enjoin defendants' efforts to collect certain tax assessments, and (b) to vacate the assessments.
There is no dispute regarding the facts; they are frankly and fully admitted in the complaint. On January 15, 1947, the plaintiff-taxpayer filed his 1946 estimated income tax return calling for an estimated refund of $ 1,551.52. He reported that a partnership in which he had an interest suffered a deficit, which he estimated as $ 4,500. On March 15, 1947, he filed his final amended return for 1946 and reported the partnership deficit as $ 5,472.39, thereby entitling him to a refund of $ 2,008. Subsequently, his bookkeeper received two refund checks: (1) $ 1,551.52, and (2) $ 2,008. Due to a clerical error, the latter check should have been for $ 456,48; the error by the Government was that in sending two separate refund checks to the taxpayer, one based on his estimated return and the other based on his final return, the refund already sent based on his estimated return was erroneously disregarded in sending him the refund based on his final return.
On August 24, 1950, the Commissioner of Internal Revenue sent to plaintiff a so-called thirty-day letter to the effect that '* * * the following adjustment of your tax liability appears to be warranted * * * 1946 Deficiency -- Income Tax $ 2,550.87.'
Following an administrative hearing plaintiff's protest was denied, and on December 8, 1950, the Commissioner issued against plaintiff an assessment of $ 1,551.52
for 1946. It is the collection of this assessment which plaintiff now seeks to enjoin.
Plaintiff does not dispute that he erroneously received $ 1,551.52; he contends that this court should enjoin the Government's attempt to collect the money because it has followed an improper procedure in attempting to retrieve the erroneous refund resulting from the mathematical error. He asks this court to hold that when the Government erroneously sends to a taxpayer an admittedly excessive refund of money a court should enjoin the collection of it by the assessment procedure.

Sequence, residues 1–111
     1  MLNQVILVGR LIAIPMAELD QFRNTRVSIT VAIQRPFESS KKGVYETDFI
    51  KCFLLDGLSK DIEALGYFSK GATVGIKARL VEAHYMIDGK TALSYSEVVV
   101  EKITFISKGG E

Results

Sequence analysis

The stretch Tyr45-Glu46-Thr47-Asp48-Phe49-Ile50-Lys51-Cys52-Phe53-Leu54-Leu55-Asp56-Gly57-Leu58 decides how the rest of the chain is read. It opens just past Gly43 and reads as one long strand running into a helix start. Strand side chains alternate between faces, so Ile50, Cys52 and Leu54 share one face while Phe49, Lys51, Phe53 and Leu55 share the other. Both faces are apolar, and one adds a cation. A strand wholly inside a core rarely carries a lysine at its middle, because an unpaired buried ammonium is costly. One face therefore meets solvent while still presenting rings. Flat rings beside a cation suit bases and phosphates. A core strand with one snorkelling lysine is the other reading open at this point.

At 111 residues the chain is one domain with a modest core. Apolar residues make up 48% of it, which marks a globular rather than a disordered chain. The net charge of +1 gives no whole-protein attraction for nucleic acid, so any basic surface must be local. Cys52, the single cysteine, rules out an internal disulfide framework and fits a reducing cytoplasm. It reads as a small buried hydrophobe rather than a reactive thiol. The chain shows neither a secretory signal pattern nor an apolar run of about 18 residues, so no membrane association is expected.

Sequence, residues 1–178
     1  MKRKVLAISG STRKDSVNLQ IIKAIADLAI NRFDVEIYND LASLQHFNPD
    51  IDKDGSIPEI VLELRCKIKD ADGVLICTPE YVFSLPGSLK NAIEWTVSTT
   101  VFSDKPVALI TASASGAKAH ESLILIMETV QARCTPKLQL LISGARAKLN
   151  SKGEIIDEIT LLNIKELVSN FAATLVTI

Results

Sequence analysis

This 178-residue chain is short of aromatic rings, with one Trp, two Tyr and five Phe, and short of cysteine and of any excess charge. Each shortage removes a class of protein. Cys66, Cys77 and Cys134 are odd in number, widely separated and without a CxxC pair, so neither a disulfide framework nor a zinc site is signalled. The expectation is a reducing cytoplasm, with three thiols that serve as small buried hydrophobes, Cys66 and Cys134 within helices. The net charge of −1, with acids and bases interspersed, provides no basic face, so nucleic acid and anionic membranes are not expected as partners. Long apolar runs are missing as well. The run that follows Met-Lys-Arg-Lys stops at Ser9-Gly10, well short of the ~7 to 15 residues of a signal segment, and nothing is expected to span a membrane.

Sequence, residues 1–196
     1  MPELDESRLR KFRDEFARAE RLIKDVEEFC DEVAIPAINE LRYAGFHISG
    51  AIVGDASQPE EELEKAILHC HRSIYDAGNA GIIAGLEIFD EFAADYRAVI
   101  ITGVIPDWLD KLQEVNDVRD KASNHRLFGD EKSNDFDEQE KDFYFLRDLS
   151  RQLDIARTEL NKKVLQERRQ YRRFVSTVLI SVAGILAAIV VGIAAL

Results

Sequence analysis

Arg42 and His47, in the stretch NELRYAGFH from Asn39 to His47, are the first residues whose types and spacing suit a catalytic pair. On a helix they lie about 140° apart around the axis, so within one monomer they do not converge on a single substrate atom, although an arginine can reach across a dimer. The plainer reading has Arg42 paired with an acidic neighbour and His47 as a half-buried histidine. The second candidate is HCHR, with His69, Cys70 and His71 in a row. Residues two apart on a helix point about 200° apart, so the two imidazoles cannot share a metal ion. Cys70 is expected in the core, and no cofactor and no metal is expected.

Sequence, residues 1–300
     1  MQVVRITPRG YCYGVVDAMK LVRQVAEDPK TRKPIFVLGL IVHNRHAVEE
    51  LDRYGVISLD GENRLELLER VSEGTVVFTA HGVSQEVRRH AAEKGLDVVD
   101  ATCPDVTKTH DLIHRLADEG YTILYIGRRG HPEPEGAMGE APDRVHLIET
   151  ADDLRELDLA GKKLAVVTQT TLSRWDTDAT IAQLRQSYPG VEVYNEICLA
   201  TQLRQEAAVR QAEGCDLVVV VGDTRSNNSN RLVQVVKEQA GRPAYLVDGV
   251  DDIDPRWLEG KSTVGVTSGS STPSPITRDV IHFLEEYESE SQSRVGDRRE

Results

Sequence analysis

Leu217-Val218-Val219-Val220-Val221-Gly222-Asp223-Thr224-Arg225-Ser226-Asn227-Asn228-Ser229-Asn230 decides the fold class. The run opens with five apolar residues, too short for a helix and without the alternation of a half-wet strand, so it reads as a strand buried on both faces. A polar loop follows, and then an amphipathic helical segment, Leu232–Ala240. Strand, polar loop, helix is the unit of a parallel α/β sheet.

The issue is whether under the Internal Revenue Code of 1939
this taxpayer has the right to maintain this action to enjoin the Commissioner from assessing and collecting the amount admittedly erroneously refunded to the taxpayer as the result of a mathematical error.
Sections 3653(a) and 272(a)(1) of the Internal Revenue Code of 1939
provide that no suit to restrain the assessment or collection of any tax shall be maintained in any court except where the Commissioner has determined there is a deficiency and sends a so-called ninety-day letter to the taxpayer, who petitions The Tax Court for a redetermination of the deficiency. Here, the Commissioner is not required to send such a letter because the assessment is not based on a deficiency
but it is, as argued by the Government, based on the amount shown to be due in the taxpayer's return, i.e., the amount of tax already paid and the amount of the disputed assessment together are not greater than the amount the taxpayer himself computed in his final return as his lawful tax debt.
Plaintiff argues that he has a right under § 272(a)(1) of the Internal Revenue Code of 1939
to The Tax Court adjudication because the sole power of assessment granted to the Commissioner is under § 271 et seq. of the 1939 Code relating to deficiencies.